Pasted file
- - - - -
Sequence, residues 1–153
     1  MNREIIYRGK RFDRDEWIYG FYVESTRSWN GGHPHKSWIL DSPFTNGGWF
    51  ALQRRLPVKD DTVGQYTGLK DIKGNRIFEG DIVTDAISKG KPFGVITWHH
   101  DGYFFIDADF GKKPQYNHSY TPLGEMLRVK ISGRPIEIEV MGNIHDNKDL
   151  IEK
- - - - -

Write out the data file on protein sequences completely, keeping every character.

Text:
Sequence, residues 1–153
     1  MNREIIYRGK RFDRDEWIYG FYVESTRSWN GGHPHKSWIL DSPFTNGGWF
    51  ALQRRLPVKD DTVGQYTGLK DIKGNRIFEG DIVTDAISKG KPFGVITWHH
   101  DGYFFIDADF GKKPQYNHSY TPLGEMLRVK ISGRPIEIEV MGNIHDNKDL
   151  IEK